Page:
A tragedy early in his career as a fire department chaplain cast a shadow over Advent for Fuller Southwest student Kyle Layne, until a revelation came during a Fuller class.
I have served as a fire department chaplain for almost a decade now, and it has impacted my view of the Advent and Christmas seasons. Early in my career I responded to a mobile home fire, just before Christmas, in which almost an entire family, including four children, perished. It cast a dark shadow over Christmas that year for me, and though I see tragedy quite often, pain and anguish during the Advent and Christmas seasons seem to be particularly difficult. I found myself hoping each year that Christmas would pass by quickly, and with as little pain as possible.
Last year as I was sitting through an Early Church History class at Fuller the subject of Advent came up. The professor (Dr. Grayson Carter) mentioned that his wife, who is English, found the Advent season in America quite troubling. It was as if we in the American Church simply skipped Advent and rushed right into Christmas with no appreciation for the solemn waiting for the arrival of the Christ. God works in mysterious ways, and through that discussion it clicked for me. I realized that I was missing the point of the Advent season altogether. Advent is not so much about celebration as it is about expectation.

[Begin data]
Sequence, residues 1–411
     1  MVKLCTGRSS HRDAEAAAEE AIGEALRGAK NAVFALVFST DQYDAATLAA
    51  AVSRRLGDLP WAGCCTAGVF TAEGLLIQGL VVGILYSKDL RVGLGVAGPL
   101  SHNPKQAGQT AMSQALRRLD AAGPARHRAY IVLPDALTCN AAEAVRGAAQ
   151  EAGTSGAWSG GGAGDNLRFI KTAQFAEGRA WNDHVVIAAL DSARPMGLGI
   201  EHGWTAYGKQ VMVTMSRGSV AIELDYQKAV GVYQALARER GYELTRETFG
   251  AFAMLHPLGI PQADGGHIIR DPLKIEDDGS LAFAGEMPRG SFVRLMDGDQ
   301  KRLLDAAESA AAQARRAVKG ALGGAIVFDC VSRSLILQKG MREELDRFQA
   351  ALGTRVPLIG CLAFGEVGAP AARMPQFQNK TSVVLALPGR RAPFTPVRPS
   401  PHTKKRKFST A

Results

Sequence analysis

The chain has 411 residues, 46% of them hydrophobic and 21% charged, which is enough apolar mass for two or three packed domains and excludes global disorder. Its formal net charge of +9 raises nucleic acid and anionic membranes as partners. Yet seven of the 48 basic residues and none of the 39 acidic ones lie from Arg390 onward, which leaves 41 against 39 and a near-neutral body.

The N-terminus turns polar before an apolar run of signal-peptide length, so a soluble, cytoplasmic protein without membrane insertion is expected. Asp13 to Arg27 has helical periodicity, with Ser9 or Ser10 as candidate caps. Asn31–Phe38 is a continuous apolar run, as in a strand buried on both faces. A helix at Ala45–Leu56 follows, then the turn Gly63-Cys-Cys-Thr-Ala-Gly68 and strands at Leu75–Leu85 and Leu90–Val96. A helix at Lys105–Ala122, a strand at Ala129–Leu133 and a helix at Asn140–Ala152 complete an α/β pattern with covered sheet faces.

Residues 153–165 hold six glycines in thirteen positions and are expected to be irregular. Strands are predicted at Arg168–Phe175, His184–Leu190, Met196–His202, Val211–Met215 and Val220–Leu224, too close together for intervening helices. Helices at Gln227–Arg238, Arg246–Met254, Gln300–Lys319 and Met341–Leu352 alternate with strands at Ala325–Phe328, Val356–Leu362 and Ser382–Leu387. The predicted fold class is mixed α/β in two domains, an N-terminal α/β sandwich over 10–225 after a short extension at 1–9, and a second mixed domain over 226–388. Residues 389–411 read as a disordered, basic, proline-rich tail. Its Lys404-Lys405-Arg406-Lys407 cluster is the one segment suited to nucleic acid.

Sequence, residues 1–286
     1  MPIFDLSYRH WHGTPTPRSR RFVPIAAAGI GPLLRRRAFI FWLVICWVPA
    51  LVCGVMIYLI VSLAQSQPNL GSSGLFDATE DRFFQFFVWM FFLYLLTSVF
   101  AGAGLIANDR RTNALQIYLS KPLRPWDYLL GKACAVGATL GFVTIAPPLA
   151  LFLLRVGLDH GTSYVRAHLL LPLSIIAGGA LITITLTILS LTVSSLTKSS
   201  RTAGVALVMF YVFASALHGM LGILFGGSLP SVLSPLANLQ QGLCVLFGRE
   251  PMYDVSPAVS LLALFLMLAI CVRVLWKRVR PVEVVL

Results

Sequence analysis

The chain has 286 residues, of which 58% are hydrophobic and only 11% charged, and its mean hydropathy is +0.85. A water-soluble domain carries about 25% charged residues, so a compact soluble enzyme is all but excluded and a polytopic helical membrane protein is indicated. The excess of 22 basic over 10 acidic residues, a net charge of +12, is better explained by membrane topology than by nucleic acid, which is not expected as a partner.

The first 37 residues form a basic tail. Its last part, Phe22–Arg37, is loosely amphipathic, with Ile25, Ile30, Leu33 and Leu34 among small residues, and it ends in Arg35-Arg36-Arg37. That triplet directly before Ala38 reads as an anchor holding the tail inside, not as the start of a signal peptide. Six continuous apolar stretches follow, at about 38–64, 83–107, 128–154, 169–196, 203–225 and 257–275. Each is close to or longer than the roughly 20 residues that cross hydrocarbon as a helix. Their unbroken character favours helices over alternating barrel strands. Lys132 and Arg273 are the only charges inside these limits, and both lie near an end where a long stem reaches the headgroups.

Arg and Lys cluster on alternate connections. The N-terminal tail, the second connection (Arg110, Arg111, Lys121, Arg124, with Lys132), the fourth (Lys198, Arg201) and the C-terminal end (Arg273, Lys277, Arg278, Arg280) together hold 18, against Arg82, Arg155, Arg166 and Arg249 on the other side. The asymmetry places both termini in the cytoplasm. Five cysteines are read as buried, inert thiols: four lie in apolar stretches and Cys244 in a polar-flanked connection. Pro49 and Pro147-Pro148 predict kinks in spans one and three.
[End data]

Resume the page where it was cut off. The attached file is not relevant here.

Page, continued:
How are these two things related? By embracing the real meaning of Advent it has helped me when I face tragedy in the field during the holidays. Advent is not just about waiting for the arrival of the Christ child, an event that has already occurred. If that were the case then it would just be a memorial celebration. No, Advent is a season to remind us of the return of the Christ. When he returns tragedies like mobile home fires, and all other pain and suffering and death, all come to an end. So now as I respond to tragedies during the Advent and Christmas seasons, I say an additional prayer of expectation and anticipation that Christ will come and make all things new. Peace.